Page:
I would like to talk a little about your wonderful book called Matt Monro: The Singer's Singer . When did you first got the idea to write about your father and his life? The book has been a great success and I wonder what was the most imporatant think you feel you accomplished by publishing it?
There were actually two reasons I was inspired to write the book. I suffer from the disease multiple sclerosis. Having suffered a near-fatal car crash a few years ago as I was being cut from the wreckage, I suddenly had this awful thought that if I died my son would never know his true origins or family roots. It is simply not enough to know that Matt Monro was a great singer; I wanted my son Max to know the man behind the voice.  The book brings insight into the man, the husband and the father and I hope makes Max proud to know, that this then, was his grandfather. Like the music, this book immortalises the man. It explains the legacy he left behind for all of us and I dearly hope that his legacy burns brightly over the coming years.

The unique quality of Matt Monro’s voice made him a star amongst the stars and earned him the title The Singer’s Singer. During his career, he had solidly established himself as a leading entertainer and recording star across the globe. He had earned the reputation of being the Singer’s Singer as evidenced by his celebrity following. Names like Sammy Davis Jr, Doris Day, Hoagy Carmichael, Steve Lawrence, Andy Williams, Frank Sinatra and Bobby Darin had lauded his efforts and every night he went on stage there would be a liberal sprinkling of American show business in the audience including such names as Quincy Jones, Count Basie and Billy Eckstine.  As far as I was concerned Matt Monro, simply put is, The Singer’s Singer.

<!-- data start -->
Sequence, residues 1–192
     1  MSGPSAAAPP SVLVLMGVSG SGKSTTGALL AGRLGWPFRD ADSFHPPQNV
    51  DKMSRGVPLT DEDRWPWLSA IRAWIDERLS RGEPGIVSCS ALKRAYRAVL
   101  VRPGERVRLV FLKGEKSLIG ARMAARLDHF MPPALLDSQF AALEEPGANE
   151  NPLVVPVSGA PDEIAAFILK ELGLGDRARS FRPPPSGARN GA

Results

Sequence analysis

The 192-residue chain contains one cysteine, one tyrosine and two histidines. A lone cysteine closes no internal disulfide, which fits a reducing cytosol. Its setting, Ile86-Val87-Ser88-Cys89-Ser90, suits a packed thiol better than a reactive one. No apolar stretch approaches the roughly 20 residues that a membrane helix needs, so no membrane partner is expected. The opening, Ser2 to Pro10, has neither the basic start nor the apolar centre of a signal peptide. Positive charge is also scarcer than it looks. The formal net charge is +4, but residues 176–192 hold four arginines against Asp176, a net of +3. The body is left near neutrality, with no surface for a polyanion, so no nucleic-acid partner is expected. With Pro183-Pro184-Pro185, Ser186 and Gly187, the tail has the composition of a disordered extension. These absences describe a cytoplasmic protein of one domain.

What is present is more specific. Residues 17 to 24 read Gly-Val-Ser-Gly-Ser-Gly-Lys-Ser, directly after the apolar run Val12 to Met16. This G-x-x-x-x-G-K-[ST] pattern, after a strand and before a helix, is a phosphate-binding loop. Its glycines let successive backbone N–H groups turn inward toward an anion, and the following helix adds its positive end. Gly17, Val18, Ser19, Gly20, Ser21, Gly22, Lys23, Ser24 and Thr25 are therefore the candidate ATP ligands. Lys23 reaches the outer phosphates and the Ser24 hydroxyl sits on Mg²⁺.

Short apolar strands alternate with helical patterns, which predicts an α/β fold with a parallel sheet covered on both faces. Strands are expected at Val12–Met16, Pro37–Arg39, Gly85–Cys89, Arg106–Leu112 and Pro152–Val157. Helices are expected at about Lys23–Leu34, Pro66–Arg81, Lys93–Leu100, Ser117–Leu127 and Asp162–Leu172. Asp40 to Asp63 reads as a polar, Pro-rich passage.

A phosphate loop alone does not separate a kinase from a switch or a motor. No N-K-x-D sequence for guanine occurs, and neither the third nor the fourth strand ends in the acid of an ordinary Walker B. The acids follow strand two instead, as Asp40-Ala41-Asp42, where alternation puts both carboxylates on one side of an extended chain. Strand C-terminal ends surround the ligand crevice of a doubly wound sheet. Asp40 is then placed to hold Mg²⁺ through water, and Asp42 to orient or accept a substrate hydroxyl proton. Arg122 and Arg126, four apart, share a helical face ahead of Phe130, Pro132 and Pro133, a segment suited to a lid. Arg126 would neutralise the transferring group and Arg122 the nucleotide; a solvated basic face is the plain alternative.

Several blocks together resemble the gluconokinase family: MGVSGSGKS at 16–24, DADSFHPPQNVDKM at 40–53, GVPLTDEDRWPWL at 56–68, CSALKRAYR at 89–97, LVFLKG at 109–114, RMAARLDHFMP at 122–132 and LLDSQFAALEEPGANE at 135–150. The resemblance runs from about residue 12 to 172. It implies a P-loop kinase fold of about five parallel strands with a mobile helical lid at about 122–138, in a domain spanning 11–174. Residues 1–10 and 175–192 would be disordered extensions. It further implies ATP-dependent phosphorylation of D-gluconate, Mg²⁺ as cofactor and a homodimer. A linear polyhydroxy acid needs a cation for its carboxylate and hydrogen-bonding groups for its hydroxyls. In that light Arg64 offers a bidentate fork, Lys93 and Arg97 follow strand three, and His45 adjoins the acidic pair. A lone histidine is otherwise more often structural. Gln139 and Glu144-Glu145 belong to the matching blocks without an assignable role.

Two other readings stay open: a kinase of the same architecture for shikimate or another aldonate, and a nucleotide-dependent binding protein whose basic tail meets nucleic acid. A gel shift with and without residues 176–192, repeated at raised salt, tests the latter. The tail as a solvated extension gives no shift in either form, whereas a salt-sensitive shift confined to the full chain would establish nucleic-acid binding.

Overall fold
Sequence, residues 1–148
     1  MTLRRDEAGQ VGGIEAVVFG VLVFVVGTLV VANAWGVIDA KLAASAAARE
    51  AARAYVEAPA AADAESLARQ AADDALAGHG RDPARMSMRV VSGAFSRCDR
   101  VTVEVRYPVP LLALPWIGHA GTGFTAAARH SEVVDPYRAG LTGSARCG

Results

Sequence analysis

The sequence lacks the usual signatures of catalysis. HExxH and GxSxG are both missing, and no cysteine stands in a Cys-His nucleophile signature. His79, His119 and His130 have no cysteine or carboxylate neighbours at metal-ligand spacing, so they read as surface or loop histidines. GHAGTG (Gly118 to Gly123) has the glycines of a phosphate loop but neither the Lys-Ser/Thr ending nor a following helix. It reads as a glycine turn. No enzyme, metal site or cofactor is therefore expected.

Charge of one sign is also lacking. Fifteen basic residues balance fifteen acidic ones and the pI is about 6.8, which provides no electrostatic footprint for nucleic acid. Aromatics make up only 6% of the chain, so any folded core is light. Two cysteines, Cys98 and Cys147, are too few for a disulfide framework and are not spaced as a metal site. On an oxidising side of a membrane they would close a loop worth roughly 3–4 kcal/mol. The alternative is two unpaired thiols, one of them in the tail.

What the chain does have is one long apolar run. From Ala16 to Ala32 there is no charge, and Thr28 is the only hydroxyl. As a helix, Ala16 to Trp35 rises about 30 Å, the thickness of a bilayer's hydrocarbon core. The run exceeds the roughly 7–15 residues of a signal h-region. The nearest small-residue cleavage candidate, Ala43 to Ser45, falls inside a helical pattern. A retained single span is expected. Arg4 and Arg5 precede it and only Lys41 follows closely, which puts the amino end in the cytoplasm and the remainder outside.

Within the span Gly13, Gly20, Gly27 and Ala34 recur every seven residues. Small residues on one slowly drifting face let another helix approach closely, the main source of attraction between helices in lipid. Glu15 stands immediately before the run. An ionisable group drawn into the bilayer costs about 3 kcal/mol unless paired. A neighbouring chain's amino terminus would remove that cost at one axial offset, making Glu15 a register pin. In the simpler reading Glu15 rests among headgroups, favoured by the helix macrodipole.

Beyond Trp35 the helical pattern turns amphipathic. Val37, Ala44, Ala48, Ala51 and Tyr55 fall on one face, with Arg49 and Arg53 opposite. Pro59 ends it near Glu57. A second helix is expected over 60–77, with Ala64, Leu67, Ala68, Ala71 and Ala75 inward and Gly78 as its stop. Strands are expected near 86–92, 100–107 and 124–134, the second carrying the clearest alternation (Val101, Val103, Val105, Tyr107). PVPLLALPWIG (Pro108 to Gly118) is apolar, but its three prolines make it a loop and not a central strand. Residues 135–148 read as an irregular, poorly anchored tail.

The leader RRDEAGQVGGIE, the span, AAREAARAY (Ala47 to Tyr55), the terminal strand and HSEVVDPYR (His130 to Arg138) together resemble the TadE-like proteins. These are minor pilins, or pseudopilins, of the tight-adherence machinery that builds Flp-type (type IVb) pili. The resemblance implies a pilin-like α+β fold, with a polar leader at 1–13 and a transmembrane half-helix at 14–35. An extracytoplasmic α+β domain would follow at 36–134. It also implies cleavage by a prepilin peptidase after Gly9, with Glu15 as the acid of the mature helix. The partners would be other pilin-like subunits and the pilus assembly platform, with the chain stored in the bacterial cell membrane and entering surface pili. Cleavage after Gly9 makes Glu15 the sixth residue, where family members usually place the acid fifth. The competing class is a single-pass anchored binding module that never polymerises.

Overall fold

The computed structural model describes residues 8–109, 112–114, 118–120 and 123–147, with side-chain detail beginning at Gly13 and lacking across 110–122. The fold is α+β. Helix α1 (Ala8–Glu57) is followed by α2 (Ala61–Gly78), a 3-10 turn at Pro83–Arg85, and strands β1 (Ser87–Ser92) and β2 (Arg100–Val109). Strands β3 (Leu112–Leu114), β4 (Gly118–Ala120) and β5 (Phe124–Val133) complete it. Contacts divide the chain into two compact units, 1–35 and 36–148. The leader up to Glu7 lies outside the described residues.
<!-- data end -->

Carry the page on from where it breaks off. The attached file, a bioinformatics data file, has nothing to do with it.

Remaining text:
The second reason was that by having a book published I knew it would sit in the British Library for all time, and whereas dad’s CD’s preserve the legacy of his music, the book immortalizes the man.. It means the legacy that Matt Monro left behind will continue to burn brightly well after I’m gone.


I know your brother Matt Jr. has also been doing a great justice to your father’s memory...  Can you tell us more about his recent projects. I know he‘ on UK tour right now...
This year is my father’s 30th anniversary and to mark the ocassion mybrother and I decided to stage The Matt Monro Story around the theatres in England. I wrote the script and my brother is singing those great songs that made my father famous. I had hoped to be the narrator on the tour but sadly my health is just not up to the gruelling travel schedule that the tour requires.

It is so seldom that you hear live bands anymore and Matt Jnr has a great bunch of musicians with him and the show opened to great success on Thursday 1st October. It is our accolade to our father and his legacy of music.